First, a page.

BROWN 'V. COXE BROS. & CO.
BROWN v. COXE BROS. & 00. et aI. (Circuit Court, E. D. Wisconsin. July 24, 1896.)
REMOVAL OF CAUSES-SEPARABLE CONTROVERSY.
Where the cause of action is joint or several, and plalntiff elects to treat it as joint, no one of defendants can treat the suit as against him as severable for the purpose of removal.
Plaintiff alleged that, while employed on a steamboat, he was injured by the falling of a coal bucket operated by one C., and that C. was negligent in using defective machinery, and in operating it negligently, and that the steamboat owner was negligent in not providing him a safe place for work, and in not warning him of the danger. Held, that as the alleged acts of negligence of C. and the steamboat owner, though distinct in themselves, concurred in producing the injury, their liability was joint as well as several.
This action was commenced in the circuit court for Milwaukee county, and, on petition and bond filed by the defendant Ketchum Steamsbip Company, an order for removal was entered by that court, and the cause was thereupon docketed here. Motion is made to remand, on the ground that the defendants are sued as joint tort feasors, and that the application for removal is by one alone.
The complaint alleges, in substance, that Coxe Bros. & Co. is a Pennsylvania corporation, owning and operating in Milwaukee the coal docks and the defective appliances from which injury came to the plaintiff; that the Ketchum Steamship Company was an Illinois corporation, owning and operating the steamer W. P. Ketchum, on which plaintiff was employed as watchman, and which was engaged in delivering a cargo of coal at the docks of, and with the appliances and operatives furnished by, Coxe Bros. & Co., con. slgnees. The plaintiff alleges that he sustained serious injury from the faIling of a coal bucket operated in behalf of Coxe Bros. & Co. while he was in the performance of his duty upon the deck of the steamer, and charges that Coxe Bros. & Co. is liable by reason of defective machilJery and of negligence in its operation; that the Ketchum Steamship Company had knowledge of such defects and mismanagement, and is liable In not providing the plaintiff with a safe place for his work, and not warning him of the impending danger, to him unknown. Judgment is demanded against both defendants.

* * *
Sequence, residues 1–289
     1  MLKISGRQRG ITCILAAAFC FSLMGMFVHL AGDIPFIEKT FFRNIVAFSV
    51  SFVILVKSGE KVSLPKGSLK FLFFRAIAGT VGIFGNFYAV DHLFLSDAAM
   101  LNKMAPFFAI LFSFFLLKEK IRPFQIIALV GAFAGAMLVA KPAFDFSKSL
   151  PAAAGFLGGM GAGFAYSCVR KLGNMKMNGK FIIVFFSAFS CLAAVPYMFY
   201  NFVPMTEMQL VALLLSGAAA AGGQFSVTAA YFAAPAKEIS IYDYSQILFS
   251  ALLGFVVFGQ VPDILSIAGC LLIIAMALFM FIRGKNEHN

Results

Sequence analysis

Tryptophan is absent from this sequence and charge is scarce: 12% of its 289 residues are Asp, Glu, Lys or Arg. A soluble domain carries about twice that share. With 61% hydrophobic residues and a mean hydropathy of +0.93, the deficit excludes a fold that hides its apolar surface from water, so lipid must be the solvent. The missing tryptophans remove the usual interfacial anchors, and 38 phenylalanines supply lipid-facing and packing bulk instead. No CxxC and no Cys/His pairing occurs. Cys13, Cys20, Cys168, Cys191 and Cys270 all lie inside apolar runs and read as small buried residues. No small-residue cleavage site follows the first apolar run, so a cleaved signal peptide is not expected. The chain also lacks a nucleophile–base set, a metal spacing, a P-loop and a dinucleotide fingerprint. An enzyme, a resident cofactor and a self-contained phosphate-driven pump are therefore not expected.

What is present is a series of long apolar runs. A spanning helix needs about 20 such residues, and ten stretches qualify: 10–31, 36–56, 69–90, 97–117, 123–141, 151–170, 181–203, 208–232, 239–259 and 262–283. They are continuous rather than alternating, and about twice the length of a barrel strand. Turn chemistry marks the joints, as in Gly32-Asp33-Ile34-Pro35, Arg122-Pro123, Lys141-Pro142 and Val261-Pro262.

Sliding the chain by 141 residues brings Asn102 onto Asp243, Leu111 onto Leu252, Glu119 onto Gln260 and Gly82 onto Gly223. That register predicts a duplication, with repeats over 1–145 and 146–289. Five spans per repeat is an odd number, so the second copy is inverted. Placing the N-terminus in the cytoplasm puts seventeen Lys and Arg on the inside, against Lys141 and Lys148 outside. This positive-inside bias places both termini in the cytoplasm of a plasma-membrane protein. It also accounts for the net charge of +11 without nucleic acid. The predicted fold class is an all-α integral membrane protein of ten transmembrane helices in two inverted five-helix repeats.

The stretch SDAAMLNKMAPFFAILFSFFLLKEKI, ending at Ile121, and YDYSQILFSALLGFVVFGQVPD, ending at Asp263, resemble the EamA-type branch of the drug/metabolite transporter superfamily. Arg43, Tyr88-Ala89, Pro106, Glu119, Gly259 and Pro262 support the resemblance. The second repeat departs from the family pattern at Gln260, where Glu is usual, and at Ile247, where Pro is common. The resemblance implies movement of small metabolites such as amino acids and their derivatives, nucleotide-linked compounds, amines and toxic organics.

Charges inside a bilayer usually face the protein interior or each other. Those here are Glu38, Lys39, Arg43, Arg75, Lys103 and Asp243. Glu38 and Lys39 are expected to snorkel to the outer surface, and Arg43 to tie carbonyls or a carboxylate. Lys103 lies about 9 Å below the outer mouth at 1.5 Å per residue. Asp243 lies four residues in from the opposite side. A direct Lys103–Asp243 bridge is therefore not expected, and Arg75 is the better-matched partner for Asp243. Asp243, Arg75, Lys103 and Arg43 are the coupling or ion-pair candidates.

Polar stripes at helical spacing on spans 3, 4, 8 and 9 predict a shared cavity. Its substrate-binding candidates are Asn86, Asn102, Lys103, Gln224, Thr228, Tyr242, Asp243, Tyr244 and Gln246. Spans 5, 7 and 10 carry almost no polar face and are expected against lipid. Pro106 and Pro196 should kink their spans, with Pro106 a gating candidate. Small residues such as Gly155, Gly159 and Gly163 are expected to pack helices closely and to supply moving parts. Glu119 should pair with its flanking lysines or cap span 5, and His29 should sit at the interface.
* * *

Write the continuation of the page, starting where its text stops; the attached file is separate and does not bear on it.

Markham & Nickerson, for plaintiff. Winkler, Flanders, Smith, Bottum & Vilas, for Ketchum S. S. Co. SEAMAN, District Judge. The question presented by the motion is whether, in any view, the facts alleged in the complaint charge the defendants with joint liability. In Smith v. Rines, 2 Sumn. 338, Fed. Cas. No. 13,100, Mr. Justice Story states, in reference to actions founded on tort, that "nothing is more clear than the right of a plaintiff to bring an action of this sort against all the wrongdoers, or against anyone or more of them, at his election"; that "there is no principle upon which the defendant has a right, in any courts of justice, to say that the action shall be several, and not joint, and thus to take away the right of election, which the plaintiff has by law, to make it joint"; and that such privilege cannot be conferred upon the defendant through a removal of the suit from the state court. The doctrine there pronounced is now firmly established as the rule governing the right of removal. Railway Co. v. Ide, 114 U. S. 52,5 Sup. Ct. 735; v.75F.no.8·-44
75 FEDERAL REPORTER.
Pirie v. Tvedt, 115U. S. 41, 5 Sup. Ct. 1034, 1161; Sloane v. Anderson, 117 U. S. 275, 6 Sup. Ct. 730; Little v. Giles, 118 U. S. 596, 7 Sup. Ct. 32; Railway Co. v. Wangelin,132 U. So 599, 10 Sup. Ct. 203; Torrence v. Shedd, 144 U. S. 527, 530, 12 Sup. Ct. 726. In Pirie v. Tvedt, which was an action in tort, the court adopts from Railway Co. v. Ide the following language, as applicable to torts as well as contracts:
"A defendant has no right to say that an action shall be several which a plaintiff elects to make joint. Smith v. Rines, 2 Sumn. 338, Fed. Cas. No. 13,100. A separate defense may defeat a joint recovery, but it cannot deprive the plaintiff of his right to prosecute his own suit to final determination in his own way. The cause of action is the subject-matter of the controversy, and that is for all the purposes of the suit, whatever the plaintiff declares it to be in his pleadings."